I have recently been pushed to explain how the infinite mindset helps in times like these. A finite game has known players, fixed rules …
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Question of the Month
By Wendy Lambourne, director, Legitimate Leadership.
Question:We have set the rules for social distancing, communicated them and the Why behind them. People have been given the means to comply but some still don’t do so. We have been “nice” about it, reminding people over and over, but in some instances, to no avail. Should we now sanction the transgressors – maybe even fire those who won’t adhere to the social distancing protocols?
Answer: Social distancing is no different from any other behavioural standard and will not be adhered to unless all seven requirements below are met:
1. Role model – everyone in a leadership role needs to provide the example for others to follow.
2. Define – the standard needs to be simple, clear and exact … Read the full answer by clicking here
EVENT: THE ROLE OF HR IN ASSISTING LINE MANAGERS TO DEMONSTRATE CARE IN A CRISIS
Below is a report on the Legitimate Leadership webinar held on this subject on 7 May 2020 (with some questions and answers at the end). The Legitimate Leadership presenters were Wendy Lambourne and Leanne Maree.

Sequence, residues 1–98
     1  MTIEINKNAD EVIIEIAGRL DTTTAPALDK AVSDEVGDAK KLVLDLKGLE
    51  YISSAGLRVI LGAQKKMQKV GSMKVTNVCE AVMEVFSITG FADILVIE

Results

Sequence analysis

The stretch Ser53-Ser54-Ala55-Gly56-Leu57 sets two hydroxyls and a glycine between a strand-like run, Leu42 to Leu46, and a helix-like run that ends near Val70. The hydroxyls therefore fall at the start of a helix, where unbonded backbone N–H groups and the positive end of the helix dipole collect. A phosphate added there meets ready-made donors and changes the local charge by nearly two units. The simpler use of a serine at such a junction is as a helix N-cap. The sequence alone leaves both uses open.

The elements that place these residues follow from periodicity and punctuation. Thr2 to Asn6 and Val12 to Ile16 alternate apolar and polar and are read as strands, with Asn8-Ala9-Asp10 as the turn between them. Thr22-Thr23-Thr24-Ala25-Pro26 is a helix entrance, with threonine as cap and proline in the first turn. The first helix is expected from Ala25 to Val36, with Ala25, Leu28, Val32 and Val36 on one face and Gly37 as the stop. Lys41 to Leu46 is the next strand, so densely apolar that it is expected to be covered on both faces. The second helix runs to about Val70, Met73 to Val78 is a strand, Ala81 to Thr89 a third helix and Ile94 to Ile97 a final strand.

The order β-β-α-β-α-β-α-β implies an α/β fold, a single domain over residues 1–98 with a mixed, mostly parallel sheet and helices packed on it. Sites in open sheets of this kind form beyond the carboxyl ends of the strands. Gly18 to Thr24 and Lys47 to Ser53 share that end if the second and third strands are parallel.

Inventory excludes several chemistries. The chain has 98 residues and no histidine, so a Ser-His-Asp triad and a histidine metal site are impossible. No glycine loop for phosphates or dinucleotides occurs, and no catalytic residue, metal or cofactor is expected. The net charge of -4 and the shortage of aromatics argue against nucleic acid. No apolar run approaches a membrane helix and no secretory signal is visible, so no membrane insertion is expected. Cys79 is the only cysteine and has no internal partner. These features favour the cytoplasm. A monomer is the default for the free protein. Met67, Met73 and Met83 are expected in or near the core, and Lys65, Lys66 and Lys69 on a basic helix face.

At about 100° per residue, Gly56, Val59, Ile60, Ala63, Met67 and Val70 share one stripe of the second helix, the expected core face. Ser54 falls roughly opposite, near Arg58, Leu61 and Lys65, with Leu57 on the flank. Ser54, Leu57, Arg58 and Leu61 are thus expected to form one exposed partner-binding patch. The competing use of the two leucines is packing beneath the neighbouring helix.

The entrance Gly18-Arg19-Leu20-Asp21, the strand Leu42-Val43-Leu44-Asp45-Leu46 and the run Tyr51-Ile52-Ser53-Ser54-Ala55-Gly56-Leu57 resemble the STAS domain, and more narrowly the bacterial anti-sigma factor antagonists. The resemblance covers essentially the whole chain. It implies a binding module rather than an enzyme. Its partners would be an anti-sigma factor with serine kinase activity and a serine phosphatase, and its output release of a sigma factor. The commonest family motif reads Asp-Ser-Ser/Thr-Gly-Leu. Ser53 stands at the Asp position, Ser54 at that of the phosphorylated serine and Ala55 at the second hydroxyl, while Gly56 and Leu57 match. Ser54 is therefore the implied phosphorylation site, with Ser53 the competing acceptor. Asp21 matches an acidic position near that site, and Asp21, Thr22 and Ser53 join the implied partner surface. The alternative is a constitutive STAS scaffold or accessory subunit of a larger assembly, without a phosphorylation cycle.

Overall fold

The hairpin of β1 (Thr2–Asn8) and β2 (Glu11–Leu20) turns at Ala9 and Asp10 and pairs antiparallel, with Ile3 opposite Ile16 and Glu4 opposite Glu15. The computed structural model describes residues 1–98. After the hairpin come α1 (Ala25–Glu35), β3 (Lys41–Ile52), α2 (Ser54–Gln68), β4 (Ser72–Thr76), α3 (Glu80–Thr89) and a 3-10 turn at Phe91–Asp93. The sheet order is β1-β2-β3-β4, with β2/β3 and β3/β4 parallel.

Legitimate Leadership says that only if you are seen to care will you be trusted by those who report to you. People will only consent to being led if their leader cares for them (primarily) and grows them.
So how does human resources (HR) help leaders in their organisations to care for their people?
The conventional view is that care is about looking after people’s physical and material needs. This is true. Particularly in the Covid-19 crisis, line managers need ensure people’s safety and health – for instance PPE (personal protective equipment), screening and social distancing.
They also need to do the best they can, within their means, to ensure that people’s pay needs are catered for. The capacity of companies to do this differs. For instance in the first world, government support is generally much greater than in the developing world.
Some companies can pay 100%; some companies can pay nothing. But trust in leadership will not necessarily differ between those extremes! Appropriate care does not mean paying 100% if that means the business will be out of business.
Legitimate Leadership has identified six key roles that HR can play, to enable line managers to care.
But care is not just about physical matters and pay. The giving should be not just of things but of self.
The How of care is also important. In other words, the care must make employees stronger in the crisis and not do the opposite.
ARTICLE: NOTHING LIKE A CRISIS TO BRING THE CHICKENS HOME TO ROOST
By Wendy Lambourne, director, Legitimate Leadership
In the midst of a strike, a shop steward told me, “Now the chickens will come home to roost!” He was saying the current fraught relationship had been made in the past and management’s poor historical relationship was about to come back and bite them.